Journal Nature Communications
Authors Arafath K. Najumudeen et al
DATE 02 January 2024
EGFR-activated myofibroblasts promote metastasis of pancreatic cancer

Pancreatic ductal adenocarcinoma (PDAC) has a dismal prognosis. Cancer-associated fibroblasts (CAFs) are recognized potential therapeutic targets, but poor understanding of these heterogeneous cell populations has limited the development of effective treatment strategies. We previously identified transforming growth factor beta (TGF-β) as a main driver of myofibroblastic CAFs (myCAFs). Here, we show that epidermal growth factor receptor/Erb-B2 receptor (EGFR/ERBB2) signaling is induced by TGF-β in myCAFs through an autocrine process mediated by amphiregulin. Inhibition of this EGFR/ERBB2-signaling network in PDAC organoid-derived cultures and mouse models differentially impacts distinct CAF subtypes, providing insights into mechanisms underpinning their heterogeneity. Remarkably, EGFR-activated myCAFs promote PDAC metastasis in mice, unmasking functional significance in myCAF heterogeneity. Finally, analyses of other cancer datasets suggest that these processes might operate in other malignancies. These data provide functional relevance to myCAF heterogeneity and identify a candidate target for preventing tumor invasion in PDAC.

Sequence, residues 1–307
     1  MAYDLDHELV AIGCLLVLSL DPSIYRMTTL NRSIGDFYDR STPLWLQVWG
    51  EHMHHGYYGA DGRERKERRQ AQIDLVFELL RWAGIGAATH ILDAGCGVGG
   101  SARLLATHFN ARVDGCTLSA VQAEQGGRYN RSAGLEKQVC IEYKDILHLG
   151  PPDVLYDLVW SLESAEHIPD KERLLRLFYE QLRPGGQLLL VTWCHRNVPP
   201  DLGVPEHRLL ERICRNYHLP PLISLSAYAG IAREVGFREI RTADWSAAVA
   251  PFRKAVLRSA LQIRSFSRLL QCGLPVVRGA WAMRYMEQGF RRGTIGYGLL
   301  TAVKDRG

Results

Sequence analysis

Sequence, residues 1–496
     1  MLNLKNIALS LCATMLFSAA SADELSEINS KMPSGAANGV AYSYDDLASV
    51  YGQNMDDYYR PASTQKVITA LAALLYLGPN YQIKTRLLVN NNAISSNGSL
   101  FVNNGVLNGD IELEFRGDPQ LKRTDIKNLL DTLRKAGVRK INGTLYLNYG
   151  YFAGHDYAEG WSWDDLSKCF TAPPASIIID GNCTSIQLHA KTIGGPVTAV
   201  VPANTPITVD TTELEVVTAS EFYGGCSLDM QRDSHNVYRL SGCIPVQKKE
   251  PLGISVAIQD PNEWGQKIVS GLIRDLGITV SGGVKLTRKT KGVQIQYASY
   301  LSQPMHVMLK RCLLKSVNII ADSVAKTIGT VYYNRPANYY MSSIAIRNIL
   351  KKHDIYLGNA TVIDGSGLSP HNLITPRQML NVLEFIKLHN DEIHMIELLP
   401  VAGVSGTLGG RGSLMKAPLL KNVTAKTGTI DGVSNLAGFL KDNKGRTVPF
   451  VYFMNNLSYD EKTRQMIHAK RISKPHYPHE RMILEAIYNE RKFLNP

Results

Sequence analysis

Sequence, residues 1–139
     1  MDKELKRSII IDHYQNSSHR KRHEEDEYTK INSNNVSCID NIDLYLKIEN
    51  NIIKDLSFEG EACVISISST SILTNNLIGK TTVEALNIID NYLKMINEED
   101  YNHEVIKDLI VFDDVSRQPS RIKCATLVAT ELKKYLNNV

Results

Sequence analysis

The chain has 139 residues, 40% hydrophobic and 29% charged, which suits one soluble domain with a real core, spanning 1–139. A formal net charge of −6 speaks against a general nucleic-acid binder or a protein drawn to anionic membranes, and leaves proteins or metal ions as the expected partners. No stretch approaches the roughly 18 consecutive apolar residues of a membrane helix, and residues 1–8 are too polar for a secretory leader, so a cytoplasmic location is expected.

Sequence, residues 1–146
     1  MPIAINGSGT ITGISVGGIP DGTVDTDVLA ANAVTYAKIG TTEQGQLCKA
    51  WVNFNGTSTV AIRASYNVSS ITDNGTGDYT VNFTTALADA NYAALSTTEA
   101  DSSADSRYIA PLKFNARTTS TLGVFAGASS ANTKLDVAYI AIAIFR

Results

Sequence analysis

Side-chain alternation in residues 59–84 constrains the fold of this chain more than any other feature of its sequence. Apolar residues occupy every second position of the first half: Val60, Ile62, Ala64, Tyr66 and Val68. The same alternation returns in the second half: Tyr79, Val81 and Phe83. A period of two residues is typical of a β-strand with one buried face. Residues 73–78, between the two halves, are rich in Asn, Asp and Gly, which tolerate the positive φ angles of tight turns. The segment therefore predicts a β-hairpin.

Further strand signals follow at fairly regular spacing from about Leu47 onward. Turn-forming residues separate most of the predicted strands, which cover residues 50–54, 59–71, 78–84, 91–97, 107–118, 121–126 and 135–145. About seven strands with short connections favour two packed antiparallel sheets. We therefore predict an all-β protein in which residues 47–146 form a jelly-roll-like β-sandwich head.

Journal Cancer Cell
Authors Gianluca Mucciolo et al
DATE 28 December 2023
Chance, ignorance, and the paradoxes of cancer: Richard Peto on developing preventative strategies under uncertainty

During the early 1980s both cancer biology and epidemiological methods were being transformed. In 1984 the leading cancer epidemiologist Richard Peto – who, in 1981, had published the landmark Causes of Cancer with Richard Doll – wrote a short chapter on “The need for ignorance in cancer research”, in which the worlds of epidemiology and speculative Darwinian biology met. His reflections on how evolutionary theory related to cancer have become known as “Peto’s paradox”, whilst his articulation of “black box epidemiology” provided the logic of subsequent practice in the field. We reprint this sparkling and prescient example of biologically-informed epidemiological theorising at its best in this issue of the European Journal of Epidemiology, together with four commentaries that focus on different aspects of its rich content. Here were provide some contextual background to the 1984 chapter, and our own speculations regarding various paradoxes in cancer epidemiology. We suggest that one reason for the relative lack of progress in indentifying novel modifiable causes of cancer over the last 40 years may reflect such exposures being ubiquitous within environments, and discuss the lessons for epidemiology that would follow from this.

Journal European Journal of Epidemiology
Authors George Davey Smith, Albert Hofman and Paul Brennan
DATE 26 December 2023